Clarence was at home. He saw how close the fire was to his apartment house, and he ran to get TC next door and both of them got out with her little brother and sister. They ran out near the main street to get out of the way. The fire spread to houses, buildings, trees. More fire engines came, this time up Main Street. TC ran into Anthony’s house and got him. They went through the halls shouting and got all the rest of the people out. Fred looked at his little brother and felt surprised as tears came into his eyes. He wrapped a blanket around the child and trudged down the steps with him. TC and Anthony gave him a big smile. They all went downstairs and into the street.

Just as Clarence was getting Gina, Ruth and John and his sister and his sick father out, the gas line caught and an explosion rocked the ground. The whole four-unit apartment house swayed; they made it down the stairs and outside. Then, it too was on fire. By midnight, the whole neighborhood was burnt to the ground. The families were out in the street clutching their children. The fire department notified the mayor. The mayor called the Red Cross and asked them to bring blankets and supplies. Grown-ups, children, grandmothers, grandfathers, neighbor and street people all slept in the church that night.

The next day they separated into two groups and used the church and the school gym. They were not so crowded. Within a week, the city was moving house trailers into the big field across Main Street, one for each family. The children agreed they would break up into smaller groups so nobody would think to suspect them. TC, Clarence and Anthony were one group, John, Gina Clarence another, and Ruth and Reese were another.  They avoided each other just in case anyone was suspicious. They were all proud at how everything worked out, but knew they couldn’t look pleased. No big smiles, be serious, don’t say a word. This was hard, but they agreed they could do it.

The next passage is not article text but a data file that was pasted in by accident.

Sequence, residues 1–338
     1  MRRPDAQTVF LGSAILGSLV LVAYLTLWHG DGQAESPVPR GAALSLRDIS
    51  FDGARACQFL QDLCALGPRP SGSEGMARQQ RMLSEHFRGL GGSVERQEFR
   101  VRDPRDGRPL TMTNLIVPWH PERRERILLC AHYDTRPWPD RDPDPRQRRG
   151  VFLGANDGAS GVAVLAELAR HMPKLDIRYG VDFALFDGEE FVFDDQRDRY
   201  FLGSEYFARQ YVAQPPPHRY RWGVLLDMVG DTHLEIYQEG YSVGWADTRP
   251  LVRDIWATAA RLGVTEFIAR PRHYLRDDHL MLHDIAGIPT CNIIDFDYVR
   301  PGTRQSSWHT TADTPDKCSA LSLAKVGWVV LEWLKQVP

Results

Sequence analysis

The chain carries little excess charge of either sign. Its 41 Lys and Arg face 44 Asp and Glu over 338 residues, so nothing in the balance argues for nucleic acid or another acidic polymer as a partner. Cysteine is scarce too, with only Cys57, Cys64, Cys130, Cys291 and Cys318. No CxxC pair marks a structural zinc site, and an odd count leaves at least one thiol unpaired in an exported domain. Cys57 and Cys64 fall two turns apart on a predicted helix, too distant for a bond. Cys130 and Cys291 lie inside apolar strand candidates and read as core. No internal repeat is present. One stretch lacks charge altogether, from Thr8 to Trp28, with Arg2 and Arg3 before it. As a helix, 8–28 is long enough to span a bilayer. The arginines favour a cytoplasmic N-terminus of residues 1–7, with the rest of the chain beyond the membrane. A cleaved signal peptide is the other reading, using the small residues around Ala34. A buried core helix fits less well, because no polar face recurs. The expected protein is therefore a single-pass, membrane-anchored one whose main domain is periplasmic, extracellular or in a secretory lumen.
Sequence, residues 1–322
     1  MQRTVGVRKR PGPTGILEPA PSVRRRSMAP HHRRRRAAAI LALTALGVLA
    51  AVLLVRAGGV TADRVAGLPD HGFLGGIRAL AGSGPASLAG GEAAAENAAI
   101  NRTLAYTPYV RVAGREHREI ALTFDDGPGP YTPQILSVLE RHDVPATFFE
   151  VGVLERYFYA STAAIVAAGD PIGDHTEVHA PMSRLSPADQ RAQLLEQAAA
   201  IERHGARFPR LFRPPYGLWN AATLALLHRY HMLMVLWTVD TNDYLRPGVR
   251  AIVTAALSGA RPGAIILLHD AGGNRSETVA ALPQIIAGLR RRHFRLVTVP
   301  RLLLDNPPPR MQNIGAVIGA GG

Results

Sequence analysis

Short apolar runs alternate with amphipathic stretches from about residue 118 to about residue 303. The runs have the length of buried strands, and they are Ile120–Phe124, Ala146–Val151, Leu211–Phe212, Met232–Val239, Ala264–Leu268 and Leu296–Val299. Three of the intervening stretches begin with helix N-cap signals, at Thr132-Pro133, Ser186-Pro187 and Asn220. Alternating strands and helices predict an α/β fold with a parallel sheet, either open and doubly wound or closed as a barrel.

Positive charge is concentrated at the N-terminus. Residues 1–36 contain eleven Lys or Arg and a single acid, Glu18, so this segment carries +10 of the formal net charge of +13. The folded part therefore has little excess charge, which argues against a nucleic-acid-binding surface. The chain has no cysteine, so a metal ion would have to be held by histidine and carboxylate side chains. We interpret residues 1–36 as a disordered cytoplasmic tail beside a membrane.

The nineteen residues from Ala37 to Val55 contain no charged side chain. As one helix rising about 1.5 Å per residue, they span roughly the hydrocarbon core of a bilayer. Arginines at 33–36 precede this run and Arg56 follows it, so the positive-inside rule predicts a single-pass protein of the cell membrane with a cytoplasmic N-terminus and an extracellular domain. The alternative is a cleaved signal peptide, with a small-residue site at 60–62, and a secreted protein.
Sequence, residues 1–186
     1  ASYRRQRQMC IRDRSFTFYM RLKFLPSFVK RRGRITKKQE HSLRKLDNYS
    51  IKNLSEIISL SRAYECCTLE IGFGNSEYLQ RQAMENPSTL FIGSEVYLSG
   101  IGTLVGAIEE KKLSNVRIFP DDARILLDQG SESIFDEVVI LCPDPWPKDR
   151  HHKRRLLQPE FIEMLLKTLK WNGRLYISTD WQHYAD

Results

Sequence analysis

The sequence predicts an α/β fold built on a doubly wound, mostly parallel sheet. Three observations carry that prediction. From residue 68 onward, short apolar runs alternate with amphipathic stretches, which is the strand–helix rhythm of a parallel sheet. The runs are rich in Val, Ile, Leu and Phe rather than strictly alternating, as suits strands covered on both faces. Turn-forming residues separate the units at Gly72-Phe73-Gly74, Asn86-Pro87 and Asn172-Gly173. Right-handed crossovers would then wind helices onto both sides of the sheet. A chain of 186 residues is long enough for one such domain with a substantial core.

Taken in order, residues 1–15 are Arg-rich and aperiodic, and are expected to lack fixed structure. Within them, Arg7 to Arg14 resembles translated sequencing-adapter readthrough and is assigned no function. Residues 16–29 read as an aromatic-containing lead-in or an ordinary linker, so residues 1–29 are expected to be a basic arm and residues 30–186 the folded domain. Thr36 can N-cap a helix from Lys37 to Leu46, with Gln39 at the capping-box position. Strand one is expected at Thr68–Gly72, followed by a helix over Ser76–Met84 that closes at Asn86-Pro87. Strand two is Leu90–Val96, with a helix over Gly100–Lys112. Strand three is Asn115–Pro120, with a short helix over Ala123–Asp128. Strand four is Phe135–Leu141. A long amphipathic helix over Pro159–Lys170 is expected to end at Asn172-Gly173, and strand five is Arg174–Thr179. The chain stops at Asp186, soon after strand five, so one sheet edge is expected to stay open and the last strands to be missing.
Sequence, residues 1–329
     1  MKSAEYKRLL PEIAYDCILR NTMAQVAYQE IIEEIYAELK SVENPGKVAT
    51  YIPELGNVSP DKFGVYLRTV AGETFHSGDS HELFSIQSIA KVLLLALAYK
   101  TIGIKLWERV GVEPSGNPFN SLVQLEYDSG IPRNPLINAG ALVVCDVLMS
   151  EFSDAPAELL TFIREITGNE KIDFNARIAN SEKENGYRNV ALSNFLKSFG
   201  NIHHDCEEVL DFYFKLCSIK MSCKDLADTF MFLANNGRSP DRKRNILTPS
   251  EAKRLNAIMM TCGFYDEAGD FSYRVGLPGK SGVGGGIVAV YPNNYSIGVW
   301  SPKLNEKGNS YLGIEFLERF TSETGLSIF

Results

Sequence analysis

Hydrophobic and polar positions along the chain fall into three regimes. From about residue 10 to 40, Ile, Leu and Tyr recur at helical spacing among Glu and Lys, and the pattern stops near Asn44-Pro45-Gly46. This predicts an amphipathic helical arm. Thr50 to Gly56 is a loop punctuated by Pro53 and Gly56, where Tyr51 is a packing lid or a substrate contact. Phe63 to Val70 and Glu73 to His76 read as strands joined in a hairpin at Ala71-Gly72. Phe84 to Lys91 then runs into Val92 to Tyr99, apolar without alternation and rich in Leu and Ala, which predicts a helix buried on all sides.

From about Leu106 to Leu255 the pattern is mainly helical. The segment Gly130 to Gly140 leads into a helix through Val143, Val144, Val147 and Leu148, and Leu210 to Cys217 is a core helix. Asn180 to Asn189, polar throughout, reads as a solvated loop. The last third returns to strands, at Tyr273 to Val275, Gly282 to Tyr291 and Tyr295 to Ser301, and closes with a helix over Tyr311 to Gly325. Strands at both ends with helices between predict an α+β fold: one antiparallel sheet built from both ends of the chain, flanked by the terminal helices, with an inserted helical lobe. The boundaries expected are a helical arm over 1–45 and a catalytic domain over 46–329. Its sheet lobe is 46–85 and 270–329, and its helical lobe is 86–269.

The trailers were in place on July 1. The families moved in. All that summer a strange transformation came over the grown-ups and children, this new village of trailers. The Summer Preacher was never seen again, and thoughts of revolution were driven from their minds. The rumor went around that the Summer Preacher must have had guns and ammunition in the basement of the apartment, all stacked up for the revolution. Was he some sort of criminal?

The children felt they had done what had to be done. They wished that it hadn’t caused so much damage, but they liked the new situation very much. It was fun. As the summer went on, children and grown-ups grew happier and happier. The people found themselves away from their usual run-down apartment houses. The trailers were clean and bright. They had to entertain themselves. They talked and shared their lives, jokes and stories. They became closer to one another and made new friendships. They took pride in how the trailers and grounds looked. They all sat and cheered with the honey dipper came to empty the toilets. They were very fussy when the trash men came so that not a bit of paper was left to make the place look trashy. It was a real pretty place.